Amid the tumultuous artistic revolutions of the early twentieth century, Eugene Savage remained an advocate of continuity, tradition, and a scholarly model of art-making. Trained in Rome and at the Yale School of the Fine Arts, he later returned to Yale as decorator of the newly built Sterling Memorial Library and as a professor of painting, serving on the faculty for twenty-eight years. Like his Latin American contemporaries Diego Rivera and José Clemente Orozco, Savage created murals in the 1930s as powerful public statements, but his large-scale works contain not political but academic messages, commending settings like the libraries of Columbia and Yale to elite and studious audiences. The central figure in Alma Mater thus embodies the University by dressing in the school colors and holding a book bearing Yale’s motto, “Lux et Veritas.” She stands under the tree of knowledge, and allegorical figures of Light, Truth, Science, Labor, Music, Divinity, Literature, and the Arts pay her homage.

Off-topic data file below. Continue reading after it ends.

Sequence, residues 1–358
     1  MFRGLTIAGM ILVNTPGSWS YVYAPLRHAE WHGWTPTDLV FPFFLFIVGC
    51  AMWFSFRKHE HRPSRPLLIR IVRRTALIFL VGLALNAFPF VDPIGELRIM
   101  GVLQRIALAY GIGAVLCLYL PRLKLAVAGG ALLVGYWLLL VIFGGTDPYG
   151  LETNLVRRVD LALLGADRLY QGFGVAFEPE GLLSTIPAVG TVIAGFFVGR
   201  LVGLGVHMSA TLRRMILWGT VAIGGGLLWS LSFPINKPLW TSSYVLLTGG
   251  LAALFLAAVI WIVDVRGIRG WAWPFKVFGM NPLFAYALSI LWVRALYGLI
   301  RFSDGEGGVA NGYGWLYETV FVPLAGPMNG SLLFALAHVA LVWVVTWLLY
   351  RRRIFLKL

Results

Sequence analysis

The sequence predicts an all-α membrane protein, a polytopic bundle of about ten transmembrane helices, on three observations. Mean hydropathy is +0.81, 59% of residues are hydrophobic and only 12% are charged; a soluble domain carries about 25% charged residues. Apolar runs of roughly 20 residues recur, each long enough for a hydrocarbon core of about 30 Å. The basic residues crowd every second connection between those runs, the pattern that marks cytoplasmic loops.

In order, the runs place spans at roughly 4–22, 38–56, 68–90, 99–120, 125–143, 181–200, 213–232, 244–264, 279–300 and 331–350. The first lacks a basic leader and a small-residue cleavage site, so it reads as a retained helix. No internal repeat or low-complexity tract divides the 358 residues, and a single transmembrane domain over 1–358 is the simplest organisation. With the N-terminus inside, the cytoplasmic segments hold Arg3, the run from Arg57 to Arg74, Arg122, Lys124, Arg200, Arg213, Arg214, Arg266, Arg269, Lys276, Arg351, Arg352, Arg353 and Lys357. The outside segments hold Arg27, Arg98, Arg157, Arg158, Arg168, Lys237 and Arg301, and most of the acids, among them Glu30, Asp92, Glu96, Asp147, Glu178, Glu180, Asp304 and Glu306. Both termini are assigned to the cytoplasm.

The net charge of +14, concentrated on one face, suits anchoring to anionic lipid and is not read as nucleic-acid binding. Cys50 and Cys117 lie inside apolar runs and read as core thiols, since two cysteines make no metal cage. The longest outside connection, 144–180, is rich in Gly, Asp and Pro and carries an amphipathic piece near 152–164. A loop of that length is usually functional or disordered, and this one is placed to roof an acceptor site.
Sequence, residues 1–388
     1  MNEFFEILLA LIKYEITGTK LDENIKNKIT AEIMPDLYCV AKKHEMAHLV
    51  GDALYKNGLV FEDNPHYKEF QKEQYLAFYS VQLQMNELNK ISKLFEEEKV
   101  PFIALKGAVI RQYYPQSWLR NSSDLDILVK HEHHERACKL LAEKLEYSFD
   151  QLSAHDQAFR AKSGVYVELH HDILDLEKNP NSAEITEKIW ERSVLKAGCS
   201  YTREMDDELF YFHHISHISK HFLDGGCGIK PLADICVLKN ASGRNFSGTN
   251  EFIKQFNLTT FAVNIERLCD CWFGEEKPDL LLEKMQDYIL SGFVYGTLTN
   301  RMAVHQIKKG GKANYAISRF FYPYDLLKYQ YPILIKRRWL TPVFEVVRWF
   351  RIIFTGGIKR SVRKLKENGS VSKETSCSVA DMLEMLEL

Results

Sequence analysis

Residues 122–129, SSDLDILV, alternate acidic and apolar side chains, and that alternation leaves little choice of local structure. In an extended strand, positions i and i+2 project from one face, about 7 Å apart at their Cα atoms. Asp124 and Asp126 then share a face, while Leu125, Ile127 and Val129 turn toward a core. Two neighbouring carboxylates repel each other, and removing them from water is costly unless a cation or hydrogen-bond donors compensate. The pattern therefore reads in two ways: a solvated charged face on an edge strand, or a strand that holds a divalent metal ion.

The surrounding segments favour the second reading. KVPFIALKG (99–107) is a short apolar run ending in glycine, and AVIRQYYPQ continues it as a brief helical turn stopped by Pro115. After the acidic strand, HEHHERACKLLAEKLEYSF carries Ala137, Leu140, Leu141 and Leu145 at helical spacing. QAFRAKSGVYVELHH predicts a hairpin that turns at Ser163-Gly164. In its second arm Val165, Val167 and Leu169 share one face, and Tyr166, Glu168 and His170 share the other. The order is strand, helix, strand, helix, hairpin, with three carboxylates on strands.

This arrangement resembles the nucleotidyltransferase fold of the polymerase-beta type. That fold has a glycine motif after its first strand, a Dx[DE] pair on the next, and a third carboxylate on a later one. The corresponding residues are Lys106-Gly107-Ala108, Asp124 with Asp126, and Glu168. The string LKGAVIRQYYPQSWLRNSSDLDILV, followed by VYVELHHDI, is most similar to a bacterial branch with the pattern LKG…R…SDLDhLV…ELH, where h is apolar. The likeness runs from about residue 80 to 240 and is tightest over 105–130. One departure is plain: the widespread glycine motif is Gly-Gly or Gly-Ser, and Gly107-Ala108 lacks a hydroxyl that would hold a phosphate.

John W. Sterling, B.A. 1864, Bequest